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NCJ Number: 213665 Find in a Library
Title: Telepsychiatry for Treating Rural American Indian Youth
Journal: Journal of the American Academy of Child & Adolescent Psychiatry  Volume:45  Issue:4  Dated:April 2006  Pages:484-488
Author(s): Daniel Savin M.D.; Mark T. Garry M.D.; Paula Zuccaro R.N.; Douglas Novins M.D.
Date Published: April 2006
Page Count: 5
Publisher: http://www.lww.com/ 
Type: Case Study
Format: Article
Language: English
Country: United States of America
Annotation: This article presents two case studies that explore the feasibility of using telepsychiatry to treat American Indian youth who reside in remote locations.
Abstract: The two case studies suggest that child and adolescent patients, as well as their caregivers, were satisfied with their telepsychiatry experience and reported it was preferable to traveling long distances to visit psychiatrists in other parts of the State. Participating child and adolescent psychiatrists reported that although it was more difficult to establish rapport with patients via telehealth, the decreased rapport did not compromise their ability to provide an accurate consultation. Clinicians reported the equipment was easy to use and was more cost efficient than flying patients to close cities for psychiatric evaluations. The results suggest that telepsychiatry can be an effective treatment modality for youth in rural and remote settings. The two case studies presented involved a 3-year-old girl who was diagnosed with reactive detachment disorder through the telepsychiatry program and a 13-year-old boy who was diagnosed with Asperger’s disorder. The telepsychiatry clinics are offered on a twice-monthly basis by the University of Colorado School of Medicine’s Center for Native American TeleHealth and TeleEducation (CNATT) and the Indian Health Service’s Rapid City Hospital. The program conducted 21 evaluations during the first 12 months of operation from October 2003 through October 2004. Followup evaluations are often conducted via telehealth and telephone. References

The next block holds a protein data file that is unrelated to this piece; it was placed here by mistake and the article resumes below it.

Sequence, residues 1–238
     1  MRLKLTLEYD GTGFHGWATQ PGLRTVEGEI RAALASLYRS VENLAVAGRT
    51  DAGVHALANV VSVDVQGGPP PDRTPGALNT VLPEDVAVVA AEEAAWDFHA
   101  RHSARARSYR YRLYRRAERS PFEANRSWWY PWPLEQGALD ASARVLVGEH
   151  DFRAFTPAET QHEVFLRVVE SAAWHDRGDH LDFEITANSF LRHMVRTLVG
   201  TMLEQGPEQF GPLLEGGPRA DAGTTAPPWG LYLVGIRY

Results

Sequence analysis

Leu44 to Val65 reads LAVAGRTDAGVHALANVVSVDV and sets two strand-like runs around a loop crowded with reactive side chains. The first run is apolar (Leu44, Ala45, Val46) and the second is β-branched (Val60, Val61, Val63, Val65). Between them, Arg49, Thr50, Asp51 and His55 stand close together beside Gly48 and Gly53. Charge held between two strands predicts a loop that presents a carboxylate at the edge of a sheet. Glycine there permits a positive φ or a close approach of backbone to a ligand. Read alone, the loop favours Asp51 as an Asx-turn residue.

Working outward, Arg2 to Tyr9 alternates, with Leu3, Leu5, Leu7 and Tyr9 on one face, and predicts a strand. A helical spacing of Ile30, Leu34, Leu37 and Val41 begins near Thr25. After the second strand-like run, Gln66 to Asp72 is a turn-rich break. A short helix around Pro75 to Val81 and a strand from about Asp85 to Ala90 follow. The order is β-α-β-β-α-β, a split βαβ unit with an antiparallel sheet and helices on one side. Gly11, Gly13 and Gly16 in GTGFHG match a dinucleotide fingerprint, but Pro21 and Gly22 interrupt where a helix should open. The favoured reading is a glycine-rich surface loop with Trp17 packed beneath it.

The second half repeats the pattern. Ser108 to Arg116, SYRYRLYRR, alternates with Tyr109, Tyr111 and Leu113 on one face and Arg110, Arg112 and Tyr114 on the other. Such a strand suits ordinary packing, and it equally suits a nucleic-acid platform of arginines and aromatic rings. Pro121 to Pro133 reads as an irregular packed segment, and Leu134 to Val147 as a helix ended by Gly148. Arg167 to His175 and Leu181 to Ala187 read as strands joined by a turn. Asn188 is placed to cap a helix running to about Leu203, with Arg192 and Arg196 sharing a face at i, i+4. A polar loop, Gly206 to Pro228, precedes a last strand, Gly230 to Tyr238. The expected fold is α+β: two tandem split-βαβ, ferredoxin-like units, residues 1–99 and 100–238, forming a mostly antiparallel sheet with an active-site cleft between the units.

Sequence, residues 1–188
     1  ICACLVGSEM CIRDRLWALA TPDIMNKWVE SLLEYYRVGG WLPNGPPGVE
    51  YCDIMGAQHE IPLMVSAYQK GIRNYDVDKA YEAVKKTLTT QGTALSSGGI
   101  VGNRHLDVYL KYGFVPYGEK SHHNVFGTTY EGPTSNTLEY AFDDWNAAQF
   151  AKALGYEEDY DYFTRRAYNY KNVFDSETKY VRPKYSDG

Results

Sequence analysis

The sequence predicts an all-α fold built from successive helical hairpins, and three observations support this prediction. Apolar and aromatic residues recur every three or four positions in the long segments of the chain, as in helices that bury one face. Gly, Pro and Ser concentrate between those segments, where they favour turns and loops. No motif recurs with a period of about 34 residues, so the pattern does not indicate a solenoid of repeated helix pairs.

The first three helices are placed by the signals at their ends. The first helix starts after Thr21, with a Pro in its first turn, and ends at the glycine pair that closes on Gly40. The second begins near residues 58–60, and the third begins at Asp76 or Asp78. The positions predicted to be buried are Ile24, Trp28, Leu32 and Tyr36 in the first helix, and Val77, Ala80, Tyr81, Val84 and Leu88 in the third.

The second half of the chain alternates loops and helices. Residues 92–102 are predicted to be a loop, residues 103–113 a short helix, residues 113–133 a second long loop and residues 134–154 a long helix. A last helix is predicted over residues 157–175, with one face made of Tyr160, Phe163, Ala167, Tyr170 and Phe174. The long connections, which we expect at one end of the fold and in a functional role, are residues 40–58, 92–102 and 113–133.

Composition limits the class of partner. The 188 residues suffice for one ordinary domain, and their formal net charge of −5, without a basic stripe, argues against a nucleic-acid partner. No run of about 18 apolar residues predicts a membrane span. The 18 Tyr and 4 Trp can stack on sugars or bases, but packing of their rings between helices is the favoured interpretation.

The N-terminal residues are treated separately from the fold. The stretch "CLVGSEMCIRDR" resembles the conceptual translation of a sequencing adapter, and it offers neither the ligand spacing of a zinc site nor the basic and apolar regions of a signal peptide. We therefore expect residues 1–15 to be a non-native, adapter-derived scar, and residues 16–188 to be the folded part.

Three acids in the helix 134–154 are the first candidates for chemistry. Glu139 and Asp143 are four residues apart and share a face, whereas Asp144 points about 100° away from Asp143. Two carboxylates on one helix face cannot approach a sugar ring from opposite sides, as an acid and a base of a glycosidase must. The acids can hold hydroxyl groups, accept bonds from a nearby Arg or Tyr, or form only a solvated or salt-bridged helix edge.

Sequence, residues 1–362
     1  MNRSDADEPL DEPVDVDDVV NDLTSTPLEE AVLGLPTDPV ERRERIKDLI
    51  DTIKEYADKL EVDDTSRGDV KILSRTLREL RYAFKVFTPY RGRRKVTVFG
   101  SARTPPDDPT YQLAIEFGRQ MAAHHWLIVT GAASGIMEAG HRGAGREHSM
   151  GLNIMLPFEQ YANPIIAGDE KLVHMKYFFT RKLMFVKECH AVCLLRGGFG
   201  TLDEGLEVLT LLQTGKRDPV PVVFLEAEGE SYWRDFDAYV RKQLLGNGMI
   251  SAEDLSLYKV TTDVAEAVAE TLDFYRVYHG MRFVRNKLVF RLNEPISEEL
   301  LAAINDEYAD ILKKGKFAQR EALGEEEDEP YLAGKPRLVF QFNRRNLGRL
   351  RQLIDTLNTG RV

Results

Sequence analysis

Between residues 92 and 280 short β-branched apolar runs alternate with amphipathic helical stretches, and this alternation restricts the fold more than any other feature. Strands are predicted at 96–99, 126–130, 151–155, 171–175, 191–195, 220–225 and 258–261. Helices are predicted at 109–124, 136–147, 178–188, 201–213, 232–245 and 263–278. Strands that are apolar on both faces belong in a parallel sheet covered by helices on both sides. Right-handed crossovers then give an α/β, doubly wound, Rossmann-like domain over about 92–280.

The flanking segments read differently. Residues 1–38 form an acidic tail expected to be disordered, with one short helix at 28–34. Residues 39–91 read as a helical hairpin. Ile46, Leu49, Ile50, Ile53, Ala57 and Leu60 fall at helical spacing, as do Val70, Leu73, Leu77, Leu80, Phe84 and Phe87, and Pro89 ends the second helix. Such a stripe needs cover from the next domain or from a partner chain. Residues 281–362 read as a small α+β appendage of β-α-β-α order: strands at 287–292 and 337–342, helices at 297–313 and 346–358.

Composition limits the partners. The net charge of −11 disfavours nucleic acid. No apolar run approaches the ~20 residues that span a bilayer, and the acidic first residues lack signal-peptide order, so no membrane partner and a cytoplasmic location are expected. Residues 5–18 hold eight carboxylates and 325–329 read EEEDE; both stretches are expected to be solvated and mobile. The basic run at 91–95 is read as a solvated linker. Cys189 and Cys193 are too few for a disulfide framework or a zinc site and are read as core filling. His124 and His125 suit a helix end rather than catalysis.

Main Term(s): Psychiatric services; Telecommunications
Index Term(s): American Indians; Juvenile case studies; Juvenile mental health services; Rural
To cite this abstract, use the following link:
http://www.ncjrs.gov/App/publications/abstract.aspx?ID=235165

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